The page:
Lana Del Rey, a queen among mortals, graced The Sylvee with her angelic vocals and incredibly intimate stage presence Monday night.

Doors opened at 7 p.m., but the sheer number of attendees made it take nearly an hour to shuffle through security and inside. After a lovely but unexpected opening act by Haley Bonar — stage name Haley — the crowd was ready for Del Rey. The concert was set to start at 8 p.m., which, granted, was when Haley came on.

Haley’s act was about 25 minutes, but it would be nearly an hour before Del Rey would actually come on. Admittedly, it gave us all time to admire the stage design, complete with two vine-covered swings, several layers of stair-like platforms and a peach tree.

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The moment she came on, the crowd went wild. Immediately, we knew the hour-long wait in 17 degrees with additional windchill and frostbitten ankles were worth it. Byron Thomas, the piano player, followed by the two backup dancers, preceded Del Rey.

She opened with “Norman F–king Rockwell,” the titular track on her album as well as the tour name. Thomas played beautifully and the backup dancers — wow. Stunning. They opened sitting on top of the piano, posed and moving like lounge singers, and it only got better from there. They utilized the swings, waved burning sage, laid on the floor with Del Rey, danced with a crystal ball and were even able to steal the show a few times.

Lana slipped from song to song with barely-there breaks between each. When they weren’t singing along to some of the most iconic lyrics of our time (Who else could open an album with the words “god-damn man child / you f–ked me so good / I almost said ‘I love you’” and make it sound like the most beautiful art you’ve ever heard?), the audience was dead silent, listening hard and longingly to the music.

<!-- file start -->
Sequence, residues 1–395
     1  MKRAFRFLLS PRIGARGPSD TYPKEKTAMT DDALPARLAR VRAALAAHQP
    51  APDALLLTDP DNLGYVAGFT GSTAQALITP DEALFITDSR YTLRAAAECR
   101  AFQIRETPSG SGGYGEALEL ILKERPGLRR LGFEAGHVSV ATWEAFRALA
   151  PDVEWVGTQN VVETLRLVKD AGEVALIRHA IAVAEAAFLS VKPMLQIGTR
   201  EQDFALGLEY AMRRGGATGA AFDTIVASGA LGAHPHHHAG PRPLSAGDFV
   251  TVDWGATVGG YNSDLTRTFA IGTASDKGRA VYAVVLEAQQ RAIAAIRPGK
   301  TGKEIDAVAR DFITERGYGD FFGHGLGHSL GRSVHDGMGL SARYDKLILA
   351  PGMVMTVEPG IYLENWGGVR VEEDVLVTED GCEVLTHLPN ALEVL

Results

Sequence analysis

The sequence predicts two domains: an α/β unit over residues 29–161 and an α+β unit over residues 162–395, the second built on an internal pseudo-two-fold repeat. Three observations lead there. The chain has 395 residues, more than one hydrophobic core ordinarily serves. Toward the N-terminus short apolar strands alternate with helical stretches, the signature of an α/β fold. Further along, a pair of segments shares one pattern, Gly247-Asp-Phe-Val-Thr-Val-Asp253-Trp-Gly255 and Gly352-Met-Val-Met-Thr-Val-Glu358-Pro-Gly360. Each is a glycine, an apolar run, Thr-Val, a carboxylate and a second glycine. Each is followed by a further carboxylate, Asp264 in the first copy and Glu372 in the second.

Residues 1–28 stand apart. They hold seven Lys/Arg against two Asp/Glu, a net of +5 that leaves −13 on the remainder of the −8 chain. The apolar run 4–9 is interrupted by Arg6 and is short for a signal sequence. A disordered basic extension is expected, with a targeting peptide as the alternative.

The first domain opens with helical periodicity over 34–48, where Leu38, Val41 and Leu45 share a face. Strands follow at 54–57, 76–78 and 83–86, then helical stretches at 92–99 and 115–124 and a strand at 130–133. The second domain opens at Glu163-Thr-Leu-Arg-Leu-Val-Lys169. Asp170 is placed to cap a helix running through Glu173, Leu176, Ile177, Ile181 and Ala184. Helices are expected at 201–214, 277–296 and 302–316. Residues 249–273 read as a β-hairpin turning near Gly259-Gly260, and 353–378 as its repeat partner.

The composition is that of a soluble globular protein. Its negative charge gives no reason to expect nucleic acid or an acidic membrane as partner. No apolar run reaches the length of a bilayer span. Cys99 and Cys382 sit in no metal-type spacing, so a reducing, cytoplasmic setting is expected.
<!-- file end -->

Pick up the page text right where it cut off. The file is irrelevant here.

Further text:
Del Rey ticked her “t”’s to “Bartender,” crooned classics like “Summertime Sadness” and “Born to Die,” ate a peach off the tree and handed it to an audience member at one point. Iconic. And when she performed “Ride,” she called out the fact that the bikers from the video were in the audience.

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There’s something about Del Rey that is utterly magnetic. She doesn’t exactly have charisma, per se — she doesn’t need it to connect with her audience. Rather than drawing you in with charm or overzealous showmanship, Del Rey seems to perform with no pretenses — just hypnotic melancholia. There was a level of intimacy in The Sylvee I’ve never felt in any concert, despite the 2,499 other people there with me.

She closed with “Venice Bitch,” and the rest of the world was gone. She came off the stage to take pictures with fans in the front row and sign merchandise and tickets, all while singing the sensual melody. No one wanted it to be the last song, but there was no better note on which to end. The guitar riff, dancing and, of course, the singing was all executed beautifully with Del Rey’s famous edgy etherealism.